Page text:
A BAND OF WELSHERS.
An incident occurred at the last York races which should act as a warning to those who are ever ready to accept the long odds offered by a certain class of “ professional sportsmen” to be found at all our race meetings. It appears that a body of those bookmakers resolved upon a coup d'etat, and carried it out in a style which will long be remembered. They laid long odds, received the half-sovereigns and halfcrowns of a large body of people, but when the time for settling arrived each possessed himself of a heavy cudgel from a sackful brought ready for the purpose by a confederate, and then they all marched off the racecourse together in something like military forma- [ tion, paying not the slightest heed to 1 .the threats and appeals of those with ( whom they had made bets, and to whom, of course, they were under heavy pecuniary obligations., ,■. Outfjd,? rg.jlj,i|gjjed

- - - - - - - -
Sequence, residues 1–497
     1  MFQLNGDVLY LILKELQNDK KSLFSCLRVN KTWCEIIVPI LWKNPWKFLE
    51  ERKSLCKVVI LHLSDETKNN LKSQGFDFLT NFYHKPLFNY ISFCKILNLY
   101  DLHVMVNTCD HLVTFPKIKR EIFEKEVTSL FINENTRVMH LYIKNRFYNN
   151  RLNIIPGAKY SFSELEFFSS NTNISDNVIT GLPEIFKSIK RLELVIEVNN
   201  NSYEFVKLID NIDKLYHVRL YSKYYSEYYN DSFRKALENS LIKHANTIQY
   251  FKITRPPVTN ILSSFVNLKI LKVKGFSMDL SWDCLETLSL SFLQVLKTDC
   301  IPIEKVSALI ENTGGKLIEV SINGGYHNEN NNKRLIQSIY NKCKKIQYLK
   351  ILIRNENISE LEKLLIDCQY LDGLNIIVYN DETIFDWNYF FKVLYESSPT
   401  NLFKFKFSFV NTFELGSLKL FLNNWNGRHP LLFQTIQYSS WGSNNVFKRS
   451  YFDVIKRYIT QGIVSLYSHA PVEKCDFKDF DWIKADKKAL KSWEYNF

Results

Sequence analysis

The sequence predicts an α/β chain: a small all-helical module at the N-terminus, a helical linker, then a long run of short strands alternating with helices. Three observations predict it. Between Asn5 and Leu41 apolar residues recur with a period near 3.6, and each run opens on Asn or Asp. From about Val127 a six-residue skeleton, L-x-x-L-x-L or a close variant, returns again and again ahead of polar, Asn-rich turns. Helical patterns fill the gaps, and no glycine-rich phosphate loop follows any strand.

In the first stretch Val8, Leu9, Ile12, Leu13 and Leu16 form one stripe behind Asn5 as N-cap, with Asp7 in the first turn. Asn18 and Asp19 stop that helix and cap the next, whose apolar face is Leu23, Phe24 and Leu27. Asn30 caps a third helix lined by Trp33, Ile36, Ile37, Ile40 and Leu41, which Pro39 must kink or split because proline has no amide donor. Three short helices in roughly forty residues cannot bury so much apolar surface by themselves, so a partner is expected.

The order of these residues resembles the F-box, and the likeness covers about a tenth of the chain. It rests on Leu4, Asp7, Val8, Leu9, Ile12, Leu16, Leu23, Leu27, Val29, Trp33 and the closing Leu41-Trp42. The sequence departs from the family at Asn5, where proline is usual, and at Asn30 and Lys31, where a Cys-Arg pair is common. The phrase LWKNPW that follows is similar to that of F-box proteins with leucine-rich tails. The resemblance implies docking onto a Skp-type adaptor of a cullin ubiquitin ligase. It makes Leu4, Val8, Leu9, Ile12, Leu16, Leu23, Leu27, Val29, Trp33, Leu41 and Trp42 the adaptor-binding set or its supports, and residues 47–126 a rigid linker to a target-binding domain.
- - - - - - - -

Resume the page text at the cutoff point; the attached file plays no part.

[Continued on fourth page.%~' f J J
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A BAND OF WELSHERS., Ashburton Guardian, Volume III, Issue 496, 19 November 1881
A BAND OF WELSHERS. Ashburton Guardian, Volume III, Issue 496, 19 November 1881
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